Apple Inc. (Nasdaq: AAPL) held a big event this week.

Did you miss it?

Unless you are following Apple more closely than the rest of the market, you likely did. And you didn’t miss much.

At the event, Apple launch three major new services: Apple TV+, Apple News+ and Apple Card.

On the surface, two of these services have considerable potential for Apple’s revenue stream — but Apple News+? For $9.99 a month? Really? Who pays for news anymore?

The headliner for the event was Apple TV+. It’s being hailed as a direct competitor for Netflix and Amazon Prime TV. Apple has even lined up a host of big-name Hollywood talent for the service, including Oprah Winfrey and Steven Spielberg.

On the upside, Apple is reportedly opening up Apple TV+ to third-party smart TVs and streaming players. As someone who has owned an Apple TV streaming player and quickly moved on, this is a very good move for Apple.

On the downside, Apple didn’t talk about pricing for the service. I don’t doubt Apple’s ability to bring content to Apple TV+, but pricing will be the make or break for this service. With both Netflix and Amazon Prime TV hovering in the $13-per-month area, Apple needs to beat those prices.

What’s more, Walt Disney is launching its own streaming service later this year. With a decades-long catalog of Disney movies and TV shows, even Netflix has to worry about this service. It makes pricing even more key for Apple TV+.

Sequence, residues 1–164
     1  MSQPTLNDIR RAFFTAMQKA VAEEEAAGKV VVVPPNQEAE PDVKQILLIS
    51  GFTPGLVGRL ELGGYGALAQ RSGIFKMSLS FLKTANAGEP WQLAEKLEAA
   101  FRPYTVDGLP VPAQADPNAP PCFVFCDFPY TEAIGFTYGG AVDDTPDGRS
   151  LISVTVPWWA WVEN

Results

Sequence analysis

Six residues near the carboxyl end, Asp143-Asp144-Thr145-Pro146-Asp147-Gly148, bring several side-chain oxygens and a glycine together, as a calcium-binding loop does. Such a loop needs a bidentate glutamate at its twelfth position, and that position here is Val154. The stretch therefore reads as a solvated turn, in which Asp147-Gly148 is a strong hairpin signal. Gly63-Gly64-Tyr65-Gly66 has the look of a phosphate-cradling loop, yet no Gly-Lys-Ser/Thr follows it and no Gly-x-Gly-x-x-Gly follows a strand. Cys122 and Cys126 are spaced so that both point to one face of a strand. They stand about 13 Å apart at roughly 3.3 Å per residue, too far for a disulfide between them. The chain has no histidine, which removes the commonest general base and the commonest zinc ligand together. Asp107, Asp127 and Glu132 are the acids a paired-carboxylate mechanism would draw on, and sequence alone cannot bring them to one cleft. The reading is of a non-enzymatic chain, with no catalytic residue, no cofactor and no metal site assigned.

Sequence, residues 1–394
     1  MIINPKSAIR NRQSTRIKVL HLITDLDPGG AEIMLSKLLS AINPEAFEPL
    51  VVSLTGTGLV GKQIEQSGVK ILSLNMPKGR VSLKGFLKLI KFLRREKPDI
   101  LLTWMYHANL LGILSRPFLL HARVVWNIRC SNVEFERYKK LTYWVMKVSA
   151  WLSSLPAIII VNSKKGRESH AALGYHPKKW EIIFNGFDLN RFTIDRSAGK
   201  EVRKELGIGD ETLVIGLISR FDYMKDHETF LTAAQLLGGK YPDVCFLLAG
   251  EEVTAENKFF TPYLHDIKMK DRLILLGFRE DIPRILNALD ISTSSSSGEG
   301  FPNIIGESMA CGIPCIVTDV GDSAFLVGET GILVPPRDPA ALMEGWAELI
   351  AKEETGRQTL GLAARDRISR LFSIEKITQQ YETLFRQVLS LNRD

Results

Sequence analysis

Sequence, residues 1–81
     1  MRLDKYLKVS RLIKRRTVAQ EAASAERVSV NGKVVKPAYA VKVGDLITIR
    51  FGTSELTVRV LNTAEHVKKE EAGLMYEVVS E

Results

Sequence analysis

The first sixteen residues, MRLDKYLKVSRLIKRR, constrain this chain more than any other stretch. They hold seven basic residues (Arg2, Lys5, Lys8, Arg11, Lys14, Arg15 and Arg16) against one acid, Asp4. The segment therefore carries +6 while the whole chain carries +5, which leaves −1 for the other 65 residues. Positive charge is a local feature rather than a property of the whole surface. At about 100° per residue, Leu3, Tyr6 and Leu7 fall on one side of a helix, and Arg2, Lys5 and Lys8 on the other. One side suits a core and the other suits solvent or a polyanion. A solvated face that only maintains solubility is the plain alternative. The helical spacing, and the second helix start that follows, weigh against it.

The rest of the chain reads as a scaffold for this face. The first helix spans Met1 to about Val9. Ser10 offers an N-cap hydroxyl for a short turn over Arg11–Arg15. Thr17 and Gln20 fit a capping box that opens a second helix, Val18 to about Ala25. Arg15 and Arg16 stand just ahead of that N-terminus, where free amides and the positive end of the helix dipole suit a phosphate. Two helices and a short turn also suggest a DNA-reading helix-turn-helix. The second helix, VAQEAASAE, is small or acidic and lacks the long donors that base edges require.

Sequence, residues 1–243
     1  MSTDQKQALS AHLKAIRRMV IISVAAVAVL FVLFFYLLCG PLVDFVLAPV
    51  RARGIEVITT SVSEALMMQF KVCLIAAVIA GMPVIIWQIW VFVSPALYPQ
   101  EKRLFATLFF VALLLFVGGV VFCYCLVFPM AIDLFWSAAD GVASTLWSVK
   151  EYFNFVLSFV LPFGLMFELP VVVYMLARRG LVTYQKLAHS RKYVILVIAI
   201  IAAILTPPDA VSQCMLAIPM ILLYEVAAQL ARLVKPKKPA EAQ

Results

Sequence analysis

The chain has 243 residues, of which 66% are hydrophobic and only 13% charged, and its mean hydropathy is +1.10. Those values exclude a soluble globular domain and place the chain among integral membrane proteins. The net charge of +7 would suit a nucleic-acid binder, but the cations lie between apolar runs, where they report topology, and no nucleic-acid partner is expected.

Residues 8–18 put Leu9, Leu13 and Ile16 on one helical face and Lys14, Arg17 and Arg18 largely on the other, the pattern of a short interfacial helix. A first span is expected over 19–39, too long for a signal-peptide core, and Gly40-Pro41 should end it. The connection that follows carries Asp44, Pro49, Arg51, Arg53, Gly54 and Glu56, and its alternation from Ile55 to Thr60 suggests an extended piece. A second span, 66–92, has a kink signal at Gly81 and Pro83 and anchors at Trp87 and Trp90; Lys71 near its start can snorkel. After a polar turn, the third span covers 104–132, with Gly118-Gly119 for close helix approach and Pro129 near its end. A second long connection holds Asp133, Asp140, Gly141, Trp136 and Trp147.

The snoozer for the event is the Apple Card. There are some immediate detractors to this strategy. So let’s detail those first.

Apple Pay already exists, and it’s tied to your iPhone. Apple Card doesn’t diverge from this format, as it is also tied to your iPhone in order to maximize your benefits. Apple will offer 2 percent cash back for Apple Card users, but to get that you need to use the tap and pay feature on Apple Pay.

With iPhone sales in decline, this is a considerable detriment to the Apple Card right out of the gate.

What’s more, competitor cards can offer as much as 5 percent cash back without being tied to your smartphone. In short, Apple Card is nothing special in this regard.

But Apple may have a bit of a coup on its hands with one particular feature. Apple Card does not charge late payment fees, a rarity in the credit card industry. This could encourage users to carry a balance, potentially bolstering Apple’s returns.

Finally, the Apple Card pushes the company further into the payment processing market, estimated to be worth $1.9 trillion globally. The more entrenched Apple gets in this market, where name recognition is everything, the better its long-term returns.

So, how did Wall Street respond to the Apple event?

With a great big “Yawn!” AAPL stock has declined steadily this week and is down 4.7 percent from its Friday high. The shares have even broken back below their 200-day moving average.


While Apple appears to be moving in the right direction in terms of services, many of these offering depend on iPhone sales. And those sales are declining, dropping from 18 percent growth in Q4 2017 to just 16 percent growth in Q4 2018.

Until the company comes up with a solution for this decline, all of its services are going to be handicapped of their true potential.